OK, so with the above DAILY breed rate you now have 3900 fleas in and around your family home in ONE SINGLE DAY!

I said fleas can breed outside and I need to squash the myth that people think its too cold for fleas.

Cold weather doesn’t kill flea eggs, what it does do though is places them into a state of hibernation, but guess what? As soon as the warm weather arrives these eggs will hatch!

To really make sure you completely remove any flea infestation in and around your home is to get a broad-spectrum flea treatment that kills not just the adult fleas which are the ones that are biting you and your dog, but also one that knocks out any developing fleas and eggs.

Prevention Is the Best (AND THE EASIEST!) Cure.

You would have heard the saying, prevention is better than cure, well it is no different when it comes to fleas!

A good practice is to keep your dog’s flea treatment up to date by using a calendar.

There are so many flea treatments available on the internet now, but my best advise to you is get one that is recommended by a Vet.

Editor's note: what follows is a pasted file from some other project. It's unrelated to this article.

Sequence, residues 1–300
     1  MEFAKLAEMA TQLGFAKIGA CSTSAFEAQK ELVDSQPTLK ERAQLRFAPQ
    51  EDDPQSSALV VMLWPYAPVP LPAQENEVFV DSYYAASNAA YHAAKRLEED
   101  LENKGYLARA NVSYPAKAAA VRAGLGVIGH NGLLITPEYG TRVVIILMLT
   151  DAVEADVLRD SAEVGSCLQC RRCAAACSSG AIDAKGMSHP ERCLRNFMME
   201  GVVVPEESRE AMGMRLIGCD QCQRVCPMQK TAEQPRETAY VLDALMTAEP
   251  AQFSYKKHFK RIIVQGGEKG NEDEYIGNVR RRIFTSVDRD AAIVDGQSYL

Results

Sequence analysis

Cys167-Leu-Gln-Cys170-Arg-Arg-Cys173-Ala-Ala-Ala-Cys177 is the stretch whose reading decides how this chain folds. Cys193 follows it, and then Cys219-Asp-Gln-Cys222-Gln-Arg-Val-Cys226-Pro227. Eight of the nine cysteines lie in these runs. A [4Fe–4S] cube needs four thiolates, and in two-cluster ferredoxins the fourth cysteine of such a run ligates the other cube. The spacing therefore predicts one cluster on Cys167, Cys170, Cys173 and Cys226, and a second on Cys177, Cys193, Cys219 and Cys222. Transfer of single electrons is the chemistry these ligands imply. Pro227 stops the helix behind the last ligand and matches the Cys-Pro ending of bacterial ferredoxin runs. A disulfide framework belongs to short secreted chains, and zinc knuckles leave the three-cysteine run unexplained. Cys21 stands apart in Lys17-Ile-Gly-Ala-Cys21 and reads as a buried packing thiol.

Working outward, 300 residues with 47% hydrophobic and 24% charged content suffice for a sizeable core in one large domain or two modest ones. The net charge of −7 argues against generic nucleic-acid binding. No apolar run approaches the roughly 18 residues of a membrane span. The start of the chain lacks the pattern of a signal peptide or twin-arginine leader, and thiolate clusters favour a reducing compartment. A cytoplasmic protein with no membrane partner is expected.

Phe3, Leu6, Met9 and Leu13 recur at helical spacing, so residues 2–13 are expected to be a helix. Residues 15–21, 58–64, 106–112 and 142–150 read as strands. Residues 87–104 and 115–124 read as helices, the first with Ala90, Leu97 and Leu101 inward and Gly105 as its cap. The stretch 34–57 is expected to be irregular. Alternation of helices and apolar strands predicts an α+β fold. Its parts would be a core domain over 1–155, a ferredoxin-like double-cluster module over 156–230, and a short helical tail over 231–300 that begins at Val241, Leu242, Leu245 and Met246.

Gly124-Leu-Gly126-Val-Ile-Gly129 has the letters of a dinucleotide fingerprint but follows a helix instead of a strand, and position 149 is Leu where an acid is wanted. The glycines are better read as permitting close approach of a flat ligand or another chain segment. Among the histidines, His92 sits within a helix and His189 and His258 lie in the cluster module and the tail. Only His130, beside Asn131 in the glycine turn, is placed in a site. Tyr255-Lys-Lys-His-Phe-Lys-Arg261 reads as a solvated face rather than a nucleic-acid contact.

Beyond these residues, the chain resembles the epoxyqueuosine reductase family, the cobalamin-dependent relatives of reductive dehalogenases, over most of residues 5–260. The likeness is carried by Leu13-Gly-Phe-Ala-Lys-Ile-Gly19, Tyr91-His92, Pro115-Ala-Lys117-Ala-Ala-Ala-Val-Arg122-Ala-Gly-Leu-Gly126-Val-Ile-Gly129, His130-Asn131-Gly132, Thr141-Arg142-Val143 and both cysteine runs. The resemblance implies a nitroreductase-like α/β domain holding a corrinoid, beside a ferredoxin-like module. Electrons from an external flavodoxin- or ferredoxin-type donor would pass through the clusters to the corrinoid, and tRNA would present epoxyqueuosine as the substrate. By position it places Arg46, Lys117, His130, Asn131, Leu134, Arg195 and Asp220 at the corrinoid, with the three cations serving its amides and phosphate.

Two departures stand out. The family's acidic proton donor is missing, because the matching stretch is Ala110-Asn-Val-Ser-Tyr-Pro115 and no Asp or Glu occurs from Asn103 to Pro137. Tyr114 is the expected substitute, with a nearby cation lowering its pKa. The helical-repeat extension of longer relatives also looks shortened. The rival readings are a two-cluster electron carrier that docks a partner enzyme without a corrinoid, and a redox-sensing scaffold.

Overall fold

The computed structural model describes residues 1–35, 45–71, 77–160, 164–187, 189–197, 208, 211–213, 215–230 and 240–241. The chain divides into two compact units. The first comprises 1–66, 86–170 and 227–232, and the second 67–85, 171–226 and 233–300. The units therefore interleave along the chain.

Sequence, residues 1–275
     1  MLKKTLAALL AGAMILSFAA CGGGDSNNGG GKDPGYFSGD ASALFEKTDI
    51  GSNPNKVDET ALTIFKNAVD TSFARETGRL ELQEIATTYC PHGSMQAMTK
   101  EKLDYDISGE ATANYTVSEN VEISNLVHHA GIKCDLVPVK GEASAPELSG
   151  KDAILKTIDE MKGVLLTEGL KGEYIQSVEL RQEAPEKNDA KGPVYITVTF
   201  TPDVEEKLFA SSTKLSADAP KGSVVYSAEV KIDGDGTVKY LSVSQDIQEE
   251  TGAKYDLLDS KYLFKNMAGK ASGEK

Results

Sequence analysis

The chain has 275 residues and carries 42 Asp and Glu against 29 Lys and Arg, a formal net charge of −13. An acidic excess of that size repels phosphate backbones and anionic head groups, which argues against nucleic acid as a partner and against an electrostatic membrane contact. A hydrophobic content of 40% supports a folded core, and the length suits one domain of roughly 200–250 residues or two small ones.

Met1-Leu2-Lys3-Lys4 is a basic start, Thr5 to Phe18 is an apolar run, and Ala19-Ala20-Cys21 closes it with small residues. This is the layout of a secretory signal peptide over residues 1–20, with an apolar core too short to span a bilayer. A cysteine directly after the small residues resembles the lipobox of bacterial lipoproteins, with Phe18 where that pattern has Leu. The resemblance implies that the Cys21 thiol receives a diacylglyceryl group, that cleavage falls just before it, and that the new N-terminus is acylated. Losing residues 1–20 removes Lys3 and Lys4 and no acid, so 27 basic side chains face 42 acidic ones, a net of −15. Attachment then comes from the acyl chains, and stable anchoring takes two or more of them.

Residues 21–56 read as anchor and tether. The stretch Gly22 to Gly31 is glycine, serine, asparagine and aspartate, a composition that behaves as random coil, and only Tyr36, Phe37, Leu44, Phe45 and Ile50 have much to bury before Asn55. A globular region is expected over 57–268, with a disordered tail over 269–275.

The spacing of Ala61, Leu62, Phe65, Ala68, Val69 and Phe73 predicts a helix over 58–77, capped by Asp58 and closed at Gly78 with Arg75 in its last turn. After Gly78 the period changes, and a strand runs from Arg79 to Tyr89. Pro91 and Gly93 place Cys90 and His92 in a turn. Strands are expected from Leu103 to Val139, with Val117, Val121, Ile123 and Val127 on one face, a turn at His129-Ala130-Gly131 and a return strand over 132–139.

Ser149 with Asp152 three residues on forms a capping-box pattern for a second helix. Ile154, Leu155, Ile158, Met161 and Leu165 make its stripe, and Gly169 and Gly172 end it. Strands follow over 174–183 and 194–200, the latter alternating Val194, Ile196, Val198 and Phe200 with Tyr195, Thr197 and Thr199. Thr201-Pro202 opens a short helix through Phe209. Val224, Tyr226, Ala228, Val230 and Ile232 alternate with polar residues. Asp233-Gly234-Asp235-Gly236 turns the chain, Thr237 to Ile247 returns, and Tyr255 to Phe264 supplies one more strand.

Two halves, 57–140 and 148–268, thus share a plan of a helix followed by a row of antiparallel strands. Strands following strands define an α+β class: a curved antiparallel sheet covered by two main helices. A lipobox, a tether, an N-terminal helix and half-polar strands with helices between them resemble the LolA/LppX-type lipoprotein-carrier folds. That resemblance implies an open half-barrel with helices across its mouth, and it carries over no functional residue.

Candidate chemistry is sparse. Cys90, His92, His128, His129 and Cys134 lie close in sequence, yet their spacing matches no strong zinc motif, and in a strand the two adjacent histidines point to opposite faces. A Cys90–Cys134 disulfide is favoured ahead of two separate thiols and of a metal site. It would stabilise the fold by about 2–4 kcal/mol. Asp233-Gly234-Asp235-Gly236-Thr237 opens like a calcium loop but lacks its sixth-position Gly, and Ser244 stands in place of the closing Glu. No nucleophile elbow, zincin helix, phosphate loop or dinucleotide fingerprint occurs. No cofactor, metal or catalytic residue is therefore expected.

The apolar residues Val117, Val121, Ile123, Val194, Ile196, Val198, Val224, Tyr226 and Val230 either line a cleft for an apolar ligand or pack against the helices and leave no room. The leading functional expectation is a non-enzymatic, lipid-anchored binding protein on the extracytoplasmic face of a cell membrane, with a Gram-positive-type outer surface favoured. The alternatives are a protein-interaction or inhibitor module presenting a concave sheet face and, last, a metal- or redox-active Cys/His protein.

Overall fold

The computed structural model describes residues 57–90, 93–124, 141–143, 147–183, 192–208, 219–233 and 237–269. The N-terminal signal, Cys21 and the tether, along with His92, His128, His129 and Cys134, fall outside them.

The treatments that you see on the internet aren’t recommended, and my reasoning behind this is that different dogs require different strengths depending on their size, age, and activity levels.

Another huge benefit of prescribed flea treatment by your local vet is that most of the ones they will prescribe are also designed to prevent other parasites in dogs (like mites, ticks, and heart worm) from affecting your dog.

What If My Dog Has an Existing Flea Infestation?

If your dog already has fleas, you have two options:

You can buy a flea bomber and bomb your whole house and garden.

These come as a foggers and sprays and will spray a fine mist of pesticide to every surface within your house and garden (If you are doing your garden you will need to do this on a day with little to no wind).

While this method is highly effective in killing the fleas and any eggs there is one major downside to this method and that is they are highly toxic to yourself, your dog, and the environment.

Now depending on your priorities on fixing your flea problem this is by far the quickest method to remove any flea infestation and any eggs that have been laid, however if any of the household have known allergies, including your dog then you might want to consider my other option?

What is my other option I hear you ask?

A better health friendly way to treat your dog is with a topical natural anti-flea medication that is prescribed by your vet. Two of these which I have used with great success are from Advantage and Revolution.